The nation's top intelligence officer has created another stir with comments today that Russia and China pose the greatest mortal threat to the United States.
Controversy is nothing new to Director of National Intelligence James Clapper, who has drawn past criticism for the lack of awareness of terror arrests in Britain and his characterization of the Muslim Brotherhood as a secular organization.
During an appearance before the Senate Armed Services Committee hearing on worldwide threats, Sen. Joe Manchin, D-W.Va., asked Clapper which country posed the greatest threat to the United States.
"Certainly, the Russians still have a very formidable nuclear arsenal, which does pose potentially a mortal threat to us," Clapper said. "I don't think they have the intent to do that."
He added that China "is growing in its military capabilities. It has a full array of, whether conventional or strategic forces, that they are building. So they too do pose, potentially from a capabilities standpoint, a threat to us as a mortal threat."
He said the issue for the intelligence community is gauging intent versus capability, but, "having said all that, my greatest concern does not lie with a nation-state posing a threat to the United States as in the area of terrorism."
Committee chairman Sen. Carl Levin, D-Mich., told Clapper he was surprised by his answer that Russia and China posed the greatest mortal threat and gave him an opportunity to clarify whether Iran or North Korea might be more of a threat.
Clapper said he based his assessment strictly on the strategic nuclear capabilities of nation-states that have the potential to be mortal dangers to the U.S. and, "the two that come to mind because of their capabilities are Russia and China."
Though Iran and North Korea were "of great concern," he said, they do not pose a threat to the continental United States.
Manchin rephrased his question to ask which country had the intent to be our greatest adversary.
Clapper replied, "Probably China."
Levin said he was as surprised by that answer as Clapper's first response.
Clapper said he came to his conclusion because there is a strategic nuclear reduction agreement between the U.S. and Russia, while none exists with China.
Levin said he was as surprised by that answer as much as he was by Clapper's initial comments.
"I don't think either country today has the intent to mortally attack us," Clapper said.
However, he added, speaking only of the capabilities of nation-states the U.S. is Russia's and China's greatest threat.
After the hearing, Levin issued a statement saying, "I was taken aback by Director Clapper's statement about China and Russia and, frankly, I was surprised by how long it took him to correct the impression that he created. He did finally correct it, however, and I am glad that he did, and I am satisfied with his correction."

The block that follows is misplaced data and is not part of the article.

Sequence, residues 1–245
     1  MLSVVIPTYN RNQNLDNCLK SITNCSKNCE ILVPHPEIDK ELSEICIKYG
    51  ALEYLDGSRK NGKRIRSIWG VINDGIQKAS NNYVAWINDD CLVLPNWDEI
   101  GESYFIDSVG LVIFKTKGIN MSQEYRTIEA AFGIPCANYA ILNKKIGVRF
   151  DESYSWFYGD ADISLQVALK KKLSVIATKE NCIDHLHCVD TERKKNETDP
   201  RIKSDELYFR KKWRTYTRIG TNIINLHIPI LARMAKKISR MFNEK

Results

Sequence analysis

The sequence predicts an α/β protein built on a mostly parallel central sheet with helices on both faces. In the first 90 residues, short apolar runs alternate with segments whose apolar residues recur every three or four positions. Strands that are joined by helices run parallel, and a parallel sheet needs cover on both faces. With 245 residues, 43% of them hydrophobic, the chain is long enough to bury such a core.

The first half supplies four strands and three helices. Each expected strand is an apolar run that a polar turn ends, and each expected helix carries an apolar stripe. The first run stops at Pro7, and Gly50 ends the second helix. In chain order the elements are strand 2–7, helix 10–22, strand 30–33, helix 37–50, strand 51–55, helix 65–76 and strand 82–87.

Clapper's first misstep was in December, when ABC's Diane Sawyer interviewed him along with White House counterterrorism adviser John Brennan and Homeland Security Secretary Janet Napolitano. The interview was conducted hours after the arrests in the United Kingdom of several British men suspected of planning terror attacks in London.
Asked for his take on the arrests, Clapper seemed stumped by Sawyer's question of how serious the events in London might be.
"London?" he replied quizzically.
White House counterterrorism adviser John Brennan then stepped in to answer the question, noting that British authorities had informed the United States about the arrests earlier in the day.
Later, Sawyer told Clapper she was surprised, "You didn't know about London."
Clapper replied, "Oh, I'm sorry. I didn't. "
In a White House briefing two days later, Brennan told reporters that Clapper was unaware of the news because he was focused on other issues at the time. He said corrective steps had been taken to ensure that he is briefed on similar events in the future so "if that happens again, I'm sure that he is going to be au courant as far as a takedown overseas."
Clapper had another eyebrow-raising moment in February at a congressional hearing, where he described the Muslim Brotherhood as a "largely secular" organization.
At the time, the popular revolution in Egypt against President Hosni Mubarak was at its height and there was speculation about the role of the Muslim Brotherhood in the uprising.
A statement on behalf of Clapper later clarified his remarks: "In Egypt, the Muslim Brotherhood makes efforts to work through a political system that has been, under Mubarak's rule, one that is largely secular in its orientation. He is well aware that the Muslim Brotherhood is not a secular organization."